Children learn to sort their garbage by the book

Totally committed to garbage sorting, the first books on the matter specifically designed for local students will soon be in schools across the city.
Hu Min

Shanghai's greenery and education authorities launch the city's first books on waste sorting knowledge designed for local students, which will be promoted citywide.

Looking ahead to the time when Shanghai becomes a true eco-city, greenery and education authorities again acknowledged yesterday the leading role that young people have to play.

Totally committed to garbage sorting, the first books on the matter specifically designed for local students will soon be in schools across the city.

The books come in versions for kindergartens, primary schools and middle schools. What domestic garbage is, the different types of waste, how to properly sort garbage and city recycling policies are laid out in pictures, Q&A and charts.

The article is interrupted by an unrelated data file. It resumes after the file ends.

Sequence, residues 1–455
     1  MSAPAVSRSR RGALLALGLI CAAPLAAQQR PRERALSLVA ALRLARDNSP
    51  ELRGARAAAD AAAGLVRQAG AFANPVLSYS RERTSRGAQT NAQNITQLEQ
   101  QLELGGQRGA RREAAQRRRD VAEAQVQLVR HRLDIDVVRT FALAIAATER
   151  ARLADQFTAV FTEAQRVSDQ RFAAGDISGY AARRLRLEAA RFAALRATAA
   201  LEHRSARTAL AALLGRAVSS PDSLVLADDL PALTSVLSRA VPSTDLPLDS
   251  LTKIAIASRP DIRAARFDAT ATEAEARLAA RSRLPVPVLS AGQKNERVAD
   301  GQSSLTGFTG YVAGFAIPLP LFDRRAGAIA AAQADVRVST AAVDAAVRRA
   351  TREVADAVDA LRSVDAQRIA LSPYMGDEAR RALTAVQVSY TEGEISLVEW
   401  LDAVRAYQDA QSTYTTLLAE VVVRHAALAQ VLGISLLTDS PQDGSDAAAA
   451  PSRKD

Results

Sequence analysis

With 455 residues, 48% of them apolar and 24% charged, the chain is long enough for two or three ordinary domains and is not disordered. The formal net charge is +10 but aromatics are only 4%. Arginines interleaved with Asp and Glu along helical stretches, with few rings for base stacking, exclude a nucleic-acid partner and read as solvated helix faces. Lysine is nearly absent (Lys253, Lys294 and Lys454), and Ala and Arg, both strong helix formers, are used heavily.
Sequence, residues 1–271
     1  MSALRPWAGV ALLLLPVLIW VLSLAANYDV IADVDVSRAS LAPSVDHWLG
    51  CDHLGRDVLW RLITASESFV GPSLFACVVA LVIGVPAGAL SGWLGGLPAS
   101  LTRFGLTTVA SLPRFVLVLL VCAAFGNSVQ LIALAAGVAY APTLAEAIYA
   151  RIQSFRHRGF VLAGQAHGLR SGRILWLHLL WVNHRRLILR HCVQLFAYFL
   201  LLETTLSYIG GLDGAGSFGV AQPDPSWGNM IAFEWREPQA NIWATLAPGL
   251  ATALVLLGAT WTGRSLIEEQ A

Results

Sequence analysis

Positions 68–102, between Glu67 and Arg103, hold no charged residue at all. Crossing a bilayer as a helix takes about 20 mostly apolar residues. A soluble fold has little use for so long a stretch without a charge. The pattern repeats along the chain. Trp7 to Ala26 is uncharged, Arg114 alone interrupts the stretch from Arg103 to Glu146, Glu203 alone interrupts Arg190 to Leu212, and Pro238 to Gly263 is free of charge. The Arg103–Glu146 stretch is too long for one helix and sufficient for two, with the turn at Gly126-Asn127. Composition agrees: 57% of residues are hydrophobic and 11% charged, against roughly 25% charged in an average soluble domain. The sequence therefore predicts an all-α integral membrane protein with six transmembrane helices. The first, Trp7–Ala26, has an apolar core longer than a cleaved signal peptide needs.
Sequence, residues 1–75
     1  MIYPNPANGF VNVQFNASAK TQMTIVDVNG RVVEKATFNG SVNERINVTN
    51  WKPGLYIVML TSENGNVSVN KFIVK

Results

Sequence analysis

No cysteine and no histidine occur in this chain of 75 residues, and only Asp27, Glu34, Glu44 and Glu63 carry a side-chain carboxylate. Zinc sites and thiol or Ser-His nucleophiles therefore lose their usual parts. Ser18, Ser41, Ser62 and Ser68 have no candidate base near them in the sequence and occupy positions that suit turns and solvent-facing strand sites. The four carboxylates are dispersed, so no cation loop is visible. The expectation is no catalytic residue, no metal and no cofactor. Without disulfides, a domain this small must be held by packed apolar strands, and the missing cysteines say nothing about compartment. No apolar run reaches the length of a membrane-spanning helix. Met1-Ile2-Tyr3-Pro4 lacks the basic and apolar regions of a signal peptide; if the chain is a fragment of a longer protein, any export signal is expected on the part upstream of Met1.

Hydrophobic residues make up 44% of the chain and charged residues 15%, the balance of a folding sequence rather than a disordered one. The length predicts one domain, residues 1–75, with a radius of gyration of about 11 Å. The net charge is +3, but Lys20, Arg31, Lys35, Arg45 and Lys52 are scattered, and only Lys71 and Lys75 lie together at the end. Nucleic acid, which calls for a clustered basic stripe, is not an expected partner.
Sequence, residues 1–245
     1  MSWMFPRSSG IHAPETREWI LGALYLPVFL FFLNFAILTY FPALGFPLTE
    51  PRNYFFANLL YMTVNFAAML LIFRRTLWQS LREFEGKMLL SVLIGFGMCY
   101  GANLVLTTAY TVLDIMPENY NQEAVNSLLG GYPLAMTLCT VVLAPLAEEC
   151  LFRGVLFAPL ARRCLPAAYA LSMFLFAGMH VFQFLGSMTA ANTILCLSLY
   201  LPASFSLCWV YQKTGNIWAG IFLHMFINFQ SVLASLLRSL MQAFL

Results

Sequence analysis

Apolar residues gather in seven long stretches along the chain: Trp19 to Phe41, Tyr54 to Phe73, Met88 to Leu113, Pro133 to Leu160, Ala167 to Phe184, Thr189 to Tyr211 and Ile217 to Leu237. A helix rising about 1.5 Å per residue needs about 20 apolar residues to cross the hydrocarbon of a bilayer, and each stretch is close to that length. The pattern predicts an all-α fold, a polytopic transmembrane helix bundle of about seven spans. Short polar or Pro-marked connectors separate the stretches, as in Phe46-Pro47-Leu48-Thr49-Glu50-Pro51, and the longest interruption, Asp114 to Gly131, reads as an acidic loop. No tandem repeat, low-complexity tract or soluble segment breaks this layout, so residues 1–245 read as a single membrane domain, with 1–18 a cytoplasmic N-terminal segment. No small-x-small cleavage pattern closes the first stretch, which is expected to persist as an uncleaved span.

“The books take garbage sorting into the classrooms in a straightforward and comprehensible way. Children can even teach their families how to get involved in sorting,” said Huang Feng, an official with the education commission.

Primary and middle school science teachers have already attended plenty of garbage sorting activities and are ready to make sure that separating recyclables is seen as both a social duty and fun.

Some schools received the books yesterday, no coincidence as the fifth day of each month has been designated as domestic garbage sorting day, with communities, schools, hospitals, businesses and parks all getting involved.

Wang Mingming, one of the vice heads of Songjiang No. 2 Middle School, said the school will use the books during self-study classes and extra-curricular activities.

“They are very instructive,” she said.

“We have done a lot of waste sorting activities, but we were lacking a good textbook.”

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